In the public comment period, John O’Connor, a sociology professor at Central Connecticut State University, challenged the Board of Regents to be more transparent about potential budget cuts, questioning the board’s leadership. With “underperforming” programs at WCSU likely on the chopping block, O’Connor suggested regents are the ones underperforming.
“Rather than bold leadership, a vision of where we are going, we get the tired old song of ‘do more with less.’ The tyranny of deficits once more dictates that we live within our means. My students deserve better than that from this board,” O’Connor said. “As campus administrations make decisions about what stays and what goes, this board needs to tell the students and the people of Connecticut what parts of the system office are underperforming and going to be cut. Before any college or university department or program is touched, this board needs to take a look at its own bureaucracy. We would like to be presented with a number of scenarios where cost savings come from the system office. We don’t want to be told that the system office is too big to fail and that students and our institutions must pay the costs of the crisis. Students and faculty members want to know where this board is taking this system.”
Reaching Financial Viability at WCSU
While the system grapples with a broad range of issues and fields complaints from employees, WCSU faculty members worry their ideas aren’t being considered.
Lumbantobing suggests those tasked with fixing WCSU’s finances aren’t listening to faculty members and don’t have a plan to turn things around. She believes that leaders have no clear plans to execute any of the strategies proposed by working groups to fix the issues at WCSU.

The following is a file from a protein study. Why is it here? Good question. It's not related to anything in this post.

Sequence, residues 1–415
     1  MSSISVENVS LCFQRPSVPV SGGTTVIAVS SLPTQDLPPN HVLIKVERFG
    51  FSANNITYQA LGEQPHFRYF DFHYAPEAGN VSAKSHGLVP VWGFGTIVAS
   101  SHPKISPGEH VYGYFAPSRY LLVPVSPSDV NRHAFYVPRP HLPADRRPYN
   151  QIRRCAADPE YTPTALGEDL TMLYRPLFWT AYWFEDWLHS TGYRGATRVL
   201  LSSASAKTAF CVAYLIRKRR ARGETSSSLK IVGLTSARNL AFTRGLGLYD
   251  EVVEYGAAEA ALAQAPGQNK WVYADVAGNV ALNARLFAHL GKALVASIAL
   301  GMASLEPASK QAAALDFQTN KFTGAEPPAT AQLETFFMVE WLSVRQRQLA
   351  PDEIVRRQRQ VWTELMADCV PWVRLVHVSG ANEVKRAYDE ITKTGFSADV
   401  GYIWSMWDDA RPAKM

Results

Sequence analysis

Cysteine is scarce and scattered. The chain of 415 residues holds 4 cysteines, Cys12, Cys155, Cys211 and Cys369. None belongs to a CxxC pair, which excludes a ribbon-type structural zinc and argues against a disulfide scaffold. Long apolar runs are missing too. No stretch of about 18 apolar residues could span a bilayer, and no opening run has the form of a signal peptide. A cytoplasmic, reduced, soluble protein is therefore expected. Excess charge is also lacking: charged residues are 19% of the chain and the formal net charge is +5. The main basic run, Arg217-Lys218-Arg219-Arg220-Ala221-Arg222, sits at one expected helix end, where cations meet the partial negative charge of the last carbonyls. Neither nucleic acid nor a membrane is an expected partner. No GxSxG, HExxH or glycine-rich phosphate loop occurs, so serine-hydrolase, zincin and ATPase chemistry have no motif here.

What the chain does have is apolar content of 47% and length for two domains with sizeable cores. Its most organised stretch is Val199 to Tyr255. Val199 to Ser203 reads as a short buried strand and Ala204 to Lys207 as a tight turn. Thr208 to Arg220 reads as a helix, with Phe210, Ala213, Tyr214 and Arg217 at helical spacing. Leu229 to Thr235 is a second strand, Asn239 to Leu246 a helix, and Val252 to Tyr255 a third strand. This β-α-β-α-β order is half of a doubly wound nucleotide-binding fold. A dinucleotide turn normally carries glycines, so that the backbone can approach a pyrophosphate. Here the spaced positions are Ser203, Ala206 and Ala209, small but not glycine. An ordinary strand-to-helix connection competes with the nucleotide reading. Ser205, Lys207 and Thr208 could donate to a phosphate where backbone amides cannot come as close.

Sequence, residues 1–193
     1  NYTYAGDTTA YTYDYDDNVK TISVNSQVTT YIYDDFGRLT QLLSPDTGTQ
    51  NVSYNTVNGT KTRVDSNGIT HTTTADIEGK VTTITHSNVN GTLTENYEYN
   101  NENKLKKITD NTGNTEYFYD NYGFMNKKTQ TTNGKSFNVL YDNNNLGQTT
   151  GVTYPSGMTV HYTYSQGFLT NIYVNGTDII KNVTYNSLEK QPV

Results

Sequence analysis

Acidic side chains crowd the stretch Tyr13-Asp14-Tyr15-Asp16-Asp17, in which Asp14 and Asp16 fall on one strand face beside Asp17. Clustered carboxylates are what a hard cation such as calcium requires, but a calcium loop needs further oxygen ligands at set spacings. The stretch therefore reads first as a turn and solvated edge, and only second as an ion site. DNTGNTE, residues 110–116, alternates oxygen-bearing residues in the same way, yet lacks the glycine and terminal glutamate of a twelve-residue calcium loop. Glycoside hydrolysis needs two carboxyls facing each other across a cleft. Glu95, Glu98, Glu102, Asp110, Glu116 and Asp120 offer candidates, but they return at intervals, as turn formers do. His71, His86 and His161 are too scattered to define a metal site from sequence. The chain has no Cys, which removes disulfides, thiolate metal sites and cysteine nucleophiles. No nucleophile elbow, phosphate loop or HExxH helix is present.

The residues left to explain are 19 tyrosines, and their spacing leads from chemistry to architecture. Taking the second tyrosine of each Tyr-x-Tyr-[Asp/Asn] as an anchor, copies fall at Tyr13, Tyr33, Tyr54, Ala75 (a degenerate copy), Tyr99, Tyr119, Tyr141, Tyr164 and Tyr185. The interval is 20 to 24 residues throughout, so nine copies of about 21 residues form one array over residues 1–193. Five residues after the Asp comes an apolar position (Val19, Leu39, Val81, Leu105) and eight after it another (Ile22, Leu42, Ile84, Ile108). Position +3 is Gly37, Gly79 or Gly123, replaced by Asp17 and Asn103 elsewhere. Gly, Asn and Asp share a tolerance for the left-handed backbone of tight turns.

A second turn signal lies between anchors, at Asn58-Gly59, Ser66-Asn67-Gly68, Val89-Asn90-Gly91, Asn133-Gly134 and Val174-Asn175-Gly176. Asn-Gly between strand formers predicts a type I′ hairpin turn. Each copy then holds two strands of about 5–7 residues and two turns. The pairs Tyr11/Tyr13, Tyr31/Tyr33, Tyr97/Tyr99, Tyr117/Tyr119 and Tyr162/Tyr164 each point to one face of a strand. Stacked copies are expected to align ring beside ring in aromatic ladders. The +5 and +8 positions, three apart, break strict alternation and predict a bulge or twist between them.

But administrators urge patience in the face of the financial crisis and ongoing uncertainty.
Beran said a plan is coming but still under development and likely a month or two out. He added that the plan will evaluate the campus from top to bottom to identify issues and inefficiencies.
“My job is to help Western Connecticut State University evaluate and work with the system office as well as with everyone on campus to get past the fiscal crisis that it’s currently in and to do that by evaluating all parts of the institution. And that really involves everyone here,” Beran said. “This is not something … I’ve come into with preconceived ideas or preconceived notions about what needs to happen. I’ve come here to evaluate, to work with President Cheng—the system president—and the board, as well as everyone here on campus.”
Beran said it is too early to name specific actions but noted the plan won’t please everyone.
“We’re not going to have complete consensus. This is going to be a somewhat painful issue in some cases, there’s no doubt about that. But this institution can’t keep doing business as usual and maintain viability. System leadership and the Board [of Regents] understand that,” he said.
But the fate of WCSU is largely in the hands of the system, which Beran suggests has provided adequate support, particularly with regard to budget analysis and predictive analysis on state funding. And even though he’s tasked with guiding the plan to save WCSU, it’s up to the system to approve and enact it.
“I actually think the system is doing everything that they can do to give us information and to help to provide direction. And when it comes time for the final decision making, they will certainly be the ones who make the final decisions and approve anything that we recommend,” Beran said.